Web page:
Auto glass business owners know they need to do this but they feel like it is all on them, and they wonder how they can do it and feel like they are in control of what is going on.

AGRR:So what happens when they put these strategies into practice?

Krane:It’s like a glass of wine. It’s like a massage. It’s like feeling the sun hit your face and lying out on the beach. It’s no stress and peace of mind. It’s an amazing cup of coffee.

AGRR:To prepare for your presentation, you have spoken to some auto glass business owners. Tell us about the common threads you have found and how you can help them.

Krane:The commonality is that you can’t do everything on your own. You just can’t. You have to create some sort of team of people who can help you. You only have two hands. One of the people with whom I spoke said he knows how to install auto glass—now he has to figure out how to manage the money. I will tell people like him how to make a plan and follow through.

AGRR:What is the biggest thing that surprises you when you work with business owners?

Krane:The thing I am surprised about, but that also is very cool, is the passion they have in their businesses. I love that feeling. I am not surprised they don’t know their numbers. They aren’t put on earth to do numbers, they are put here to do glass.

AGRR:What is the biggest mistake many business owners make when it comes to finances?

Krane:Number one is not having clarity on their numbers. Not tracking drivers of sales and identifying what they are. Thinking that marketing is an expense and not an investment. Not clearly being able to calculate the ROI of investing in their business. Taking too much risk in business and not being smart about it. Managing their cash flow. When to pay, I could go on …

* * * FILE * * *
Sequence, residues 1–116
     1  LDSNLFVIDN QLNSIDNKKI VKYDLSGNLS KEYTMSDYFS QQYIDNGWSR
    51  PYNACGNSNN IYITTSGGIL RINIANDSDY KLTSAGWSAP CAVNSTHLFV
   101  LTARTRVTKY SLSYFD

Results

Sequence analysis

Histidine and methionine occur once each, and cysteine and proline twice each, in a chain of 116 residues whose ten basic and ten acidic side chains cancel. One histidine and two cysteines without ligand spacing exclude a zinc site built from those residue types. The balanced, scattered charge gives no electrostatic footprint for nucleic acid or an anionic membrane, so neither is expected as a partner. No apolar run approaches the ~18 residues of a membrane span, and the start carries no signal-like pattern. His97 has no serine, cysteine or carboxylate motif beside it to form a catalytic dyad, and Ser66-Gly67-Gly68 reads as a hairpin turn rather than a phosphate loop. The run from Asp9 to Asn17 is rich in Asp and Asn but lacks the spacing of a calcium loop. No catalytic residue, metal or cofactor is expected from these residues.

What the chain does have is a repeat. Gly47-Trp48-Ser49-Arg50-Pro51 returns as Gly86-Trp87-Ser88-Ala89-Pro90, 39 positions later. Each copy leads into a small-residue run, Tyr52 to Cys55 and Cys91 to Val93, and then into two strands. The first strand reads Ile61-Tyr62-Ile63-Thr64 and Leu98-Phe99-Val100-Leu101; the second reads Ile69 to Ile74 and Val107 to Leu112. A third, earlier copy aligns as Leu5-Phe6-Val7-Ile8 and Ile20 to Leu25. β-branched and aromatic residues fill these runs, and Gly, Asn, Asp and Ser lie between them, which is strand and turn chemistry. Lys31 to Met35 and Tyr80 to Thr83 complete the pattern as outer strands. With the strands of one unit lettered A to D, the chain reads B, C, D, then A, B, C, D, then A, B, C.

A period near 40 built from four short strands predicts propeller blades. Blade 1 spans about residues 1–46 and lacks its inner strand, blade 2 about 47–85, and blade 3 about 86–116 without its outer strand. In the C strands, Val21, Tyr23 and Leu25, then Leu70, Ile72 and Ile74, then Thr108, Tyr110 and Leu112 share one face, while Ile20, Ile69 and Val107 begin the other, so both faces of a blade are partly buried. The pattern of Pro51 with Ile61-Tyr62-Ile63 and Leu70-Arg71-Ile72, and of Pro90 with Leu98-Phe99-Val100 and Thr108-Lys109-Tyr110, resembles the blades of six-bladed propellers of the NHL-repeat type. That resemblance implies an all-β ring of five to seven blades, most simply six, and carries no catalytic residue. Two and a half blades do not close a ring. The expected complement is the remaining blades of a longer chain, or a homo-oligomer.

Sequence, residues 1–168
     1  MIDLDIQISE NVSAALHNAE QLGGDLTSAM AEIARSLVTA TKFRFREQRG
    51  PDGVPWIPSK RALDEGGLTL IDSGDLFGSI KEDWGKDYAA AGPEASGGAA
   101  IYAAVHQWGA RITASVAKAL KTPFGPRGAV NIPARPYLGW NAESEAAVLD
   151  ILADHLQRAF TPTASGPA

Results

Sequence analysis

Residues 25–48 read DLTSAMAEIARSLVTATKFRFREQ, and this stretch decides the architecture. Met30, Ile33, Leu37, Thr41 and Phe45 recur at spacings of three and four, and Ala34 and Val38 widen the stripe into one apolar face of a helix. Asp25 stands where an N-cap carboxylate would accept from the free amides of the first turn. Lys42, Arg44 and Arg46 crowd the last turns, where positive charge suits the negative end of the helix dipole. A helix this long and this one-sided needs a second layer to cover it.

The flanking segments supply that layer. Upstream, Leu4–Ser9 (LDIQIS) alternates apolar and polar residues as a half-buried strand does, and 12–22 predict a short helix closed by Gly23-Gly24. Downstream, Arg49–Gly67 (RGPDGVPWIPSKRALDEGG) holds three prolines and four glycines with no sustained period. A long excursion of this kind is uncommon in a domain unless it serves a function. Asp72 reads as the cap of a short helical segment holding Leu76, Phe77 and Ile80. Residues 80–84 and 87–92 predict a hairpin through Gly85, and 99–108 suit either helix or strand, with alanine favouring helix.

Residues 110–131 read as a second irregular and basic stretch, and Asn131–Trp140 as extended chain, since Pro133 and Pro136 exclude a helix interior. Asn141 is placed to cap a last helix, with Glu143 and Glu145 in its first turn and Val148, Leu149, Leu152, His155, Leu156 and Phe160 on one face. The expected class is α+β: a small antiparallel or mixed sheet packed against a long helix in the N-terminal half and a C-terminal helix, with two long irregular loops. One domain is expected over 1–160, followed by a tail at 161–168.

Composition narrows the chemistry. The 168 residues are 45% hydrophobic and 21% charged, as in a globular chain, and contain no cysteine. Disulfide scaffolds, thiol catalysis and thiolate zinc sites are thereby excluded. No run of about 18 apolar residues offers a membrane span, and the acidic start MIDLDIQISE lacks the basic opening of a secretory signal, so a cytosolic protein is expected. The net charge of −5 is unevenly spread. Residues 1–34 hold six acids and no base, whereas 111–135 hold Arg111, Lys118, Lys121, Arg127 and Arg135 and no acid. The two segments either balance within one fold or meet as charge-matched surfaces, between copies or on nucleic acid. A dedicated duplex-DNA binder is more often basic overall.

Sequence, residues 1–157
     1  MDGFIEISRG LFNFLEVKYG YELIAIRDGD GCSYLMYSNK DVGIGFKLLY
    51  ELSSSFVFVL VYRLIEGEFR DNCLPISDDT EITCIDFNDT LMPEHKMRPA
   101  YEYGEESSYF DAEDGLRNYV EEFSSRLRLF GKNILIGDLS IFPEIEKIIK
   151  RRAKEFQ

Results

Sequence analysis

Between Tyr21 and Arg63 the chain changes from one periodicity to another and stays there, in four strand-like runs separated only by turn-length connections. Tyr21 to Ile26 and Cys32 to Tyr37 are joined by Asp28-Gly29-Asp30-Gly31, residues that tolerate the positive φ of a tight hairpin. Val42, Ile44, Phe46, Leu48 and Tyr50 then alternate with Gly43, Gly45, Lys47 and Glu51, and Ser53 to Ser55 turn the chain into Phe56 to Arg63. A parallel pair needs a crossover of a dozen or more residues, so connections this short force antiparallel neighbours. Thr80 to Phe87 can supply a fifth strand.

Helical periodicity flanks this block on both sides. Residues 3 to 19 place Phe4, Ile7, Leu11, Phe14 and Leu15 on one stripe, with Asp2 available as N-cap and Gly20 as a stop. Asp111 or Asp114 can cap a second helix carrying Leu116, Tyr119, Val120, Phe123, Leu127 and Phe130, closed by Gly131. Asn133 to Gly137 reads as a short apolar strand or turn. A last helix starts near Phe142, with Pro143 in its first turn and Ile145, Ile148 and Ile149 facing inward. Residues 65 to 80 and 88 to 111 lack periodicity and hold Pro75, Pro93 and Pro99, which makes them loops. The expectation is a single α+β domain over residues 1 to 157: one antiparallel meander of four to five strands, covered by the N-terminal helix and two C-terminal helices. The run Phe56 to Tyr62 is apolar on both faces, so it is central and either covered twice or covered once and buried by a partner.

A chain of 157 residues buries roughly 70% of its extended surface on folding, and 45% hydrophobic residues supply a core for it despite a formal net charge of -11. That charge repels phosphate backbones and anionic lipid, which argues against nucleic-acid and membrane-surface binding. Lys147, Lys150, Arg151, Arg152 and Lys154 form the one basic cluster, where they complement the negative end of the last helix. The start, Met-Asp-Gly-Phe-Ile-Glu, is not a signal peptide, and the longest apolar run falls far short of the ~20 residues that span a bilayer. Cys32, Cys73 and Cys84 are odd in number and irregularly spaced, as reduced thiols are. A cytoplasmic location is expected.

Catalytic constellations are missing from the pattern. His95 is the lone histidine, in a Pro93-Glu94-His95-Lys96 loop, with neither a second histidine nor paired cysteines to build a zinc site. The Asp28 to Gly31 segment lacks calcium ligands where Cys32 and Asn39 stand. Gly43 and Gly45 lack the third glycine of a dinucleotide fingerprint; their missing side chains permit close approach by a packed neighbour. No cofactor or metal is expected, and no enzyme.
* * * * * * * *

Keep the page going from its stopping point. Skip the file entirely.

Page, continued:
AGRR:Do you work with companies who want to expand into other markets?

Krane:All the time, and this is where it’s all about cash flow management. There is a whole difference between profits and cash. Let’s say you do auto glass and want to go into window film. Let’s say you generate cash of $16,000 a month but you now you have to take $5,000 out to live on per month. Now you have ten grand left. How much money do you need to start the film business? If you need 50 grand how quickly can you make money off that? If you can’t make it for five months, then the auto part is funding the film part which means you can’t take the five grand out to live on. So you are robbing Peter to pay Paul.I find a lot of times that companies are in way over their head. They don’t think about the time it will take to get an ROI.